• Richard Bunce says:

      I see childish name calling is your standard operating state… so in fact most parents, those of modest means do not have choice and so their children are trapped in failed government school systems that no amount of money will fix… see Washington DC government school system. So you favor only the elite, the 1%, the Koch Brothers, Art Pope, and of course “greater good” advocates such as elected officials, government education bureaucrats, government school administrators/teachers having the resources to enroll their children in alternatives to the failed government school systems, just not the majority of parents trapped in your failed government school system. How enlightened of you. Paying current teachers more will not change anything… again see DC. The majority of government school students in the Country and the State are not proficient at basic skills. That is failing generation after generation of children all so the government education industrial complex keeps their death grip on education revenue. In this time we have fallen into the trap of governments good intentions, not it’s actual results are good enough for too many citizens.

  2. Norm Kelly says:

    This IS about kids. It’s not about teachers, Boards of Ed, unions, private schools or even religious schools. It’s about kids being given the OPPORTUNITY to get the best education possible, based on THE FAMILY’S preferences. Teacher tenure has NOTHING to do with students. Constant demands from Boards of Ed for increased funding have nothing/virtually nothing to do with students. If the money had a direct impact on students, then we’d be churning out the most intelligent kids in Wake County. How much is enough? Like most libs, which Board of Ed is willing to answer this question?
    If offering ‘vouchers’ which parents like doesn’t answer the question of choice, trying to do what’s best for the STUDENT, then what is the answer provided by the education establishment? Does big education have ANY plan to improve RESULTS besides MORE MONEY?!
    When Gov Bev was in office, she chose to keep the State Superintendent, as well as hire someone to do the job of superintendent taking responsibility away from the actual superintendent. So, once again, we have a lib/Demon with the plan of simply spending more money on education, with no perceivable improvement.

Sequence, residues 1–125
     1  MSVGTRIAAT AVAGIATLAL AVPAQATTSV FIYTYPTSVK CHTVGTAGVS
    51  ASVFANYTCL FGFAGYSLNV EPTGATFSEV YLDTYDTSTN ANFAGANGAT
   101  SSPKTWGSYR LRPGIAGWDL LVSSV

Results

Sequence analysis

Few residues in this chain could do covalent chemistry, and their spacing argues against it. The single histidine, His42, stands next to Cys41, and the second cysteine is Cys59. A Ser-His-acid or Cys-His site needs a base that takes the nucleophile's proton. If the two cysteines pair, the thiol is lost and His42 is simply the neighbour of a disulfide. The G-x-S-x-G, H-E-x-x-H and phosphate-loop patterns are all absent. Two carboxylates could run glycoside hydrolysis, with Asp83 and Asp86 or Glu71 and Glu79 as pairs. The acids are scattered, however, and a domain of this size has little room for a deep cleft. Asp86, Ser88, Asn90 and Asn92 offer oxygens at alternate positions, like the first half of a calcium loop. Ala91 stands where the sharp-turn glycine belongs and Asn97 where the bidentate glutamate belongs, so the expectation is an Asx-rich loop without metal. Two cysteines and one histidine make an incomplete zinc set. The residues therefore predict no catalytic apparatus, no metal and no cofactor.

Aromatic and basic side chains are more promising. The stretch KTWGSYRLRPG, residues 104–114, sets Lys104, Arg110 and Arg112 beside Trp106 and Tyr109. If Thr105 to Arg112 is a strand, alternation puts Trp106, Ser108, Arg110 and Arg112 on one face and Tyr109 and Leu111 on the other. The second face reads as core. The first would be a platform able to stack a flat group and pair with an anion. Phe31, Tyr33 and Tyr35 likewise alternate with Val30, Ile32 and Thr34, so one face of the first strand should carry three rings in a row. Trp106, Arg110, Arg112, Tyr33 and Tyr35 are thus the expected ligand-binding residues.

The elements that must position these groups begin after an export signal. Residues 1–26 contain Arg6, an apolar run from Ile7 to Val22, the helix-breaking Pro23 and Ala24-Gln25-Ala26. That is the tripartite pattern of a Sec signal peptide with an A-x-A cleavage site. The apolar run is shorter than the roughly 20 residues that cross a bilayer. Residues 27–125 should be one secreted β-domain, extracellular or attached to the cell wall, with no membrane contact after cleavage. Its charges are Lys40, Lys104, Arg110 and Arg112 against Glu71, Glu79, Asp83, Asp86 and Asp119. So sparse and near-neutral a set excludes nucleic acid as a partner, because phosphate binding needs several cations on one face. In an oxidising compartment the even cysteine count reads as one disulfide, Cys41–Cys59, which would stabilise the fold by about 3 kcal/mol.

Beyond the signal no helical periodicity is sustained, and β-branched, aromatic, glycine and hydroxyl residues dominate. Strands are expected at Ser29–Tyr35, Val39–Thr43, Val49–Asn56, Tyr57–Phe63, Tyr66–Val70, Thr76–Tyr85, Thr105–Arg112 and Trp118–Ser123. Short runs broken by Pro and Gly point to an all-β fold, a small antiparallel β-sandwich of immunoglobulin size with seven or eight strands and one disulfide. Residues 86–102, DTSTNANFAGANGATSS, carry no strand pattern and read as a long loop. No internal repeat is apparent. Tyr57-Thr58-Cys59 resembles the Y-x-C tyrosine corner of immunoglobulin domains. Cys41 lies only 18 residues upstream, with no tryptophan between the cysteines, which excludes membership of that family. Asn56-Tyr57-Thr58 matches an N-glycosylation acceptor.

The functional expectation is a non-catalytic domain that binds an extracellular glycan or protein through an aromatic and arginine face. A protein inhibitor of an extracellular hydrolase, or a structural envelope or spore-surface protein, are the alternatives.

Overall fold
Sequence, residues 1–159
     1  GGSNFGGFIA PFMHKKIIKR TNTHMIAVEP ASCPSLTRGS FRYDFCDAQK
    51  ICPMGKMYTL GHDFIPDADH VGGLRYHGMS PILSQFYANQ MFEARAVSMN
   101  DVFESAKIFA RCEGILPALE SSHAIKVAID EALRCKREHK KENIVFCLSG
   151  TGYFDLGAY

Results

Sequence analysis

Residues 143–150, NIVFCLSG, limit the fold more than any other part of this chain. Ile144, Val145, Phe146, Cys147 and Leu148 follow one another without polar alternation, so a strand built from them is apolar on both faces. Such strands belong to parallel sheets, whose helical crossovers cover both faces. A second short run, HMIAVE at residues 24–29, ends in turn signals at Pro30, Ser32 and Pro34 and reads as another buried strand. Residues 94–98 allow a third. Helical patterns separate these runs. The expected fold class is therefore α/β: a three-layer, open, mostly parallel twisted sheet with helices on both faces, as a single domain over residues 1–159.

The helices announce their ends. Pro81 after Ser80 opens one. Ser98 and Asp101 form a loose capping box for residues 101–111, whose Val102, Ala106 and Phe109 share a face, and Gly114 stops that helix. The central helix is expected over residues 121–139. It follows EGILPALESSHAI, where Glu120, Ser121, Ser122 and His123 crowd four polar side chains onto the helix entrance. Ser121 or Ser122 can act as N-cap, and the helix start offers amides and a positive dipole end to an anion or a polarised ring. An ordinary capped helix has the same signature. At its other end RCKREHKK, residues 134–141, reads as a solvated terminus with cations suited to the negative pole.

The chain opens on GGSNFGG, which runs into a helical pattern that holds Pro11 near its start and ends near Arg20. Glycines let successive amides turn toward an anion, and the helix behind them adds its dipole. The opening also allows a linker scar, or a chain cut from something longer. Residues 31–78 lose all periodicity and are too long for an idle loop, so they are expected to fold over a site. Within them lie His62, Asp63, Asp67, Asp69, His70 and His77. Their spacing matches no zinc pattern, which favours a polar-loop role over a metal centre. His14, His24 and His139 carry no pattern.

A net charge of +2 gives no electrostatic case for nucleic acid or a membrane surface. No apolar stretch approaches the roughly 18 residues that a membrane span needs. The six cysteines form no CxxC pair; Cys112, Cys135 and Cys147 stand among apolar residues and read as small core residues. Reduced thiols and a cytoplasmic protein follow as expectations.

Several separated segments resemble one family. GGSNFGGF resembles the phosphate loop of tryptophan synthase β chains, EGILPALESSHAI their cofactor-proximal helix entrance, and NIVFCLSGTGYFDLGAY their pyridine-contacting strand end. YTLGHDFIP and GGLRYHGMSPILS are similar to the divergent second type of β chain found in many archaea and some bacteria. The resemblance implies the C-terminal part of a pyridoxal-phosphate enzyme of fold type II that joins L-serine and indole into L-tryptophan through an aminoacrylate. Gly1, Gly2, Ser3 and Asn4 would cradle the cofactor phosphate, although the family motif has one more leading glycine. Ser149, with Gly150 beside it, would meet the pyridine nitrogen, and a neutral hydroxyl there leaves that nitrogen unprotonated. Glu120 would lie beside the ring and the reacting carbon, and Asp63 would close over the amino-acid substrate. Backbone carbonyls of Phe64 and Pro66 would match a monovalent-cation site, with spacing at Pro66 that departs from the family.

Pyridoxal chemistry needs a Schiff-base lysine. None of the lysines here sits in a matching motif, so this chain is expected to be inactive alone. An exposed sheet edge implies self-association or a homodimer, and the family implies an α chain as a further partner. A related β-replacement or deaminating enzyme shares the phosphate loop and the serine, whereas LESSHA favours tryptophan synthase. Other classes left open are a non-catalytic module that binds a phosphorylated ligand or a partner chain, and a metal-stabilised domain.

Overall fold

Government monopolies are NOT any better than private business monopolies. That is an inarguable fact. A monopoly is a bad thing, regardless of where/how it happens. The feds/central planners attempt to prevent businesses like cell phone providers, and cable providers (theoretically) from becoming monopolies. AT&T was broken up by the government cuz they were a monopoly. IBM was forced to sell-off parts/pieces because they were a monopoly. Microsoft has been sued by government because they thought forcing Internet Explorer (yuck!) onto the OS was monopolistic. So the same people telling us that monopolies in private business are bad are telling us that monopolies in government agencies are good. Like garbage collection. And most especially schools. There should be NO competition to big education. When big education demands more money, the ONLY acceptable response is for us to bow down, apologize for holding back, request leniency, and fork over any money that we happen to have. There should be no expectation on our part of any response from big education like value for the money, careful spending of the money, or improved outcomes for the money. Our response is simply to capitulate to the education establishment, even if it’s not what’s best for our family.
    Can ANYONE in either the media or the Demon party or the education establishment explain why this is so? Of course not, that’s why they don’t even try. They’ll fall back, this time and this time only, to the Constitution. This is a document that must be ignored at all costs at every other turn, but in the case of forcing government schools upon us, this MUST be!

  3. Richard Bunce says:

    Amen, this is about the kids… the majority of students in government schools who are not proficient at basic skills. Free the parents from the grip of the government education industrial complex.